Apollo Hospitals, Hyderabad has unique colour codes for some of the signages: Acute care/Restricted patient care-Red, Regular patient care areas-Yellow, Diagnostics-Blue, Support Services-Brown, Utilities- Purple, Others-Light blue. The colour coding serves a departmental need besides being visually informative. The overall design, placement and colour code in the hospital is brand consistent, aesthetically coordinated with the décor and ambience, and projects a strong corporate identity.

All the signages in Max Healthcare use consistent colour coding
Fortis Hospital,Vasant Kunj has used visual graphics in signages
2007083162-7207733 Directional signs designed by HKS for McAllen Medical

Center in the US

Pictures Worth a Thousand Words

“The signage must be comprehensible to children and adults alike”

– Dheeraj Gorukanti


Yashoda Group of Hospitals Hyderabad

By and large, hospital way-finding systems often confuse people, being generally devoid of graphics and written in physicians’ language. For example, terms like Otorhinolaryngology, Interventional Radiology, Oncology, etc may not be understood at all by the person who is supposed to read, and follow, the signs. Hence, it is important to incorporate appropriate graphic elements in the signages. Use of universal symbols, which are easily understood without any help, is very important in the hospital context, feels Dr Patni.

Planning and implementing a hospital signage system is not an easy task. The signage must be comprehensible to children and adults alike, as well as to the diverse, multi-cultural users of the hospital. It must be simple and clear in style for easy recognition. “Even a layman who comes to the hospital for the first time should easily go wherever he wants without the help of anyone,” opines Dheeraj Gorukanti, Director, Yashoda Group of Hospitals, Hyderabad. Moreover, important signages should be a part of hospital design involving the team of architects, interior designers and hospital management.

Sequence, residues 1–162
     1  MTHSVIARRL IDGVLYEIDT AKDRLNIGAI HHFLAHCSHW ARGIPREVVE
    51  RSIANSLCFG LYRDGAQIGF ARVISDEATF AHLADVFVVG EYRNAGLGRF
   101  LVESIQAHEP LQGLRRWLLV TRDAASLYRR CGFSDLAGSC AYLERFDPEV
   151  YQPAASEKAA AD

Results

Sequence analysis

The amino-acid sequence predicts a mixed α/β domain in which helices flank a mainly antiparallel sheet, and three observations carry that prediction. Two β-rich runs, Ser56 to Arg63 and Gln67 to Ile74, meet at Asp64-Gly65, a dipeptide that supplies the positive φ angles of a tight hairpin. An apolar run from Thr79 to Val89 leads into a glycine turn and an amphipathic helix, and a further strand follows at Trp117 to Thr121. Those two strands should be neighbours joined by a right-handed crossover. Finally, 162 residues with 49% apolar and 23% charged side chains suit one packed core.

“The technical terminology has to be complemented with graphics to allow for ease of understanding,” says Sameer Mehta, Facility Planner, Hosmac India. For instance, a negative image of the ribs works well to describe an X-Ray. Ideally, this is complemented with bilingual text ‘ksha kiran’ appearing below ‘X-Ray’. “We would use positive ways to restrict information rather than a blunt message,” explains Mehta. At MD Anderson Cancer Center in Houston TX, however, their culture was all about advanced technology and doctors with superior educations. Terminology used there was selected based on that culture. Many of the department names involved Latin medical terms.

The community culture greatly influences the design of the architecture as well as the signage system that accompanies it. Local language and culture affect the choice of nomenclature and whether a second or even a third language is to be displayed on the sign. Naresh Mathur, AIA, Vice President of HKS, a leader in the healthcare design industry in Dallas, Texas feels that cultural and traditional aspects of the users should not be ignored. “For instance, in a hospital with a primarily Chinese population, we wouldn’t use white on the sign elements because white symbolises death in that culture,” he explains.